- An “easy key” functionality, i.e., deducing the equivalence of two resources if a list of predefined properties have identical values for them (e.g., if two persons have the same name, same email address, and the same home page URI, then the two persons should be regarded as identical)
Some of these features are new in OWL 2 (property chaining, easy keys), others are already been present in OWL 1.
Quick and dirty implementations of OWL RL can be done fairly easily. Either one uses an existing rule engine (say, Jena rules) and lets the rule engine take its course or one encodes the rules directly on top of an RDF environment like Sesame, RDFLib, or Redland, and uses a simple forward chaining cycle. Of course, this is quick and dirty, i.e., not necessary efficient, because it will generate many extra triples. But if the rule engine can be combined with the query system (SPARQL or other), which is the case for most triple store implementations, the actual generation of some of those extra triples (e.g., <r owl:sameAs r> for all resources) may be avoided. Actually, some of the current triple stores already do such tricks with the OWL profiles they implement. (And, well, when I see the incredible evolution on the size and efficiency of triple stores these days, I wonder whether this is really an issue on long term for a large family of applications.) I actually did such quick and dirty implementation in Python; if you are curious what triples are generated via OWL RL for a specific graph, you can try out a small service I’ve set up. (Caveat: it has not been really thoroughly tested yet, i.e., there are bugs. Neither it is particularly efficient. Do not use it for anything remotely serious!).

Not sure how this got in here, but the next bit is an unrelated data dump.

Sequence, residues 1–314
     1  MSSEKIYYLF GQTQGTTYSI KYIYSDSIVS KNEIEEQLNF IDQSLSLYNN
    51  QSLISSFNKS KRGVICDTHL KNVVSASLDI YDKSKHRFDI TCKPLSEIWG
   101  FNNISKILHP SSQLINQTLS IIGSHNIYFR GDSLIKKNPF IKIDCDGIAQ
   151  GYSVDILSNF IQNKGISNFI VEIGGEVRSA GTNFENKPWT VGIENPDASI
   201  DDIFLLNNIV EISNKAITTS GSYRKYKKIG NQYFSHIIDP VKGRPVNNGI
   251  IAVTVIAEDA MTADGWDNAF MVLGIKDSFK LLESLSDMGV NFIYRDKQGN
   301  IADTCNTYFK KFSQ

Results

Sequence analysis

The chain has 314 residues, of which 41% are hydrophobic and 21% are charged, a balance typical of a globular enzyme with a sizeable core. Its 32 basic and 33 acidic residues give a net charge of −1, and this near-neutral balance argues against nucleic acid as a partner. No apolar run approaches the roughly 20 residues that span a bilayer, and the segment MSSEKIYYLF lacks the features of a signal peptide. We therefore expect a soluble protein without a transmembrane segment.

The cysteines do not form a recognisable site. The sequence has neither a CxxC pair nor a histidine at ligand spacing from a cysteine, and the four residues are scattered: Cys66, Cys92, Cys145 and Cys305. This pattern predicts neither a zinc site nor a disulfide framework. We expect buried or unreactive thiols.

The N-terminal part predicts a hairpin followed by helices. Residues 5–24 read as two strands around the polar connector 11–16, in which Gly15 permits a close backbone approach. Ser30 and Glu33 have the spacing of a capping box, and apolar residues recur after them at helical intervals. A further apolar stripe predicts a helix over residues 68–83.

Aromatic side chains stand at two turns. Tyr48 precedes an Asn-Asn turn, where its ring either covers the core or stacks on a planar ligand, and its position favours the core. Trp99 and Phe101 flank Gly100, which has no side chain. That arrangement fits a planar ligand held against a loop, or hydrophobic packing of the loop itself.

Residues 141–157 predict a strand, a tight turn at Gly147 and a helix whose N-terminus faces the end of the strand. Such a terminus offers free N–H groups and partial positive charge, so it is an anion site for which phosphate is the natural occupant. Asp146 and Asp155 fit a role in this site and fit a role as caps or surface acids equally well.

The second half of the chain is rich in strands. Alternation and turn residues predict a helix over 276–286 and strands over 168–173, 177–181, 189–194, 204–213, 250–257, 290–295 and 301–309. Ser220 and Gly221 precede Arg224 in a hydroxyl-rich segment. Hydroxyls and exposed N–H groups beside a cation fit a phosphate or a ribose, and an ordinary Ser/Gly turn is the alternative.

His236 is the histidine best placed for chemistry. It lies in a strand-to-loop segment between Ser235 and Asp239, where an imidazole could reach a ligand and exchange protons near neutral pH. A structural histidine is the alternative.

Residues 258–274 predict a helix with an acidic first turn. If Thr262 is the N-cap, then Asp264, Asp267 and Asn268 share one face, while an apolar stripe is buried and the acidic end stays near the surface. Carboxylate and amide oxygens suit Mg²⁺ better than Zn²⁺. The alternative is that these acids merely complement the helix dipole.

So what is the possible role of OWL RL in developing SW applications? I think it will become very important. I usually look at OWL RL as some sort of a “bridge” that allows some RDF/SW applications to evolve in different directions. Such as:
- Some applications may be perfectly happy with OWL RL as is (usually combined with a SPARQL engine to query the resulting, expanded graph), and they do not really need more in term of vocabulary expressiveness. I actually foresee a very large family of applications in this category.
- Some applications may want to combine OWL RL with some extra, application specific rules. They can rely on a rule engine fed with the OWL RL rules plus the extra application rules. B.t.w., although the details are still to be fleshed out, the goal is that a RIF implementation would accept OWL RL rules and produce what has to be produced. I.e., RIF compatible implementation would provide a nice environment for these types of applications.
- Some applications may hit, during their evolution, the limitations of OWL RL in terms of vocabulary building (e.g., they might need more precise cardinality restrictions or the full power of property restrictions). In which case they can try expand their vocabulary towards more complex and formal ontologies using, e.g., OWL DL. They may have to accept some more restrictions because they enter the world of DL, and they would require more complex reasoning engines, but that is the price they might be willing to pay. While developers of applications in the other categories would not necessarily care about that, the fact that the language is also defined in terms of a functional syntax makes (i.e., that that version of OWL RL is integral part of OWL 2) this evolution path easier.
Of course, at the moment, OWL RL is still a Draft, albeit in Last Call. Feedbacks and comments of the community as well as the experience of implementers is vital to finalize it. Comments to the Working Group can be sent to email@example.com (with public archives).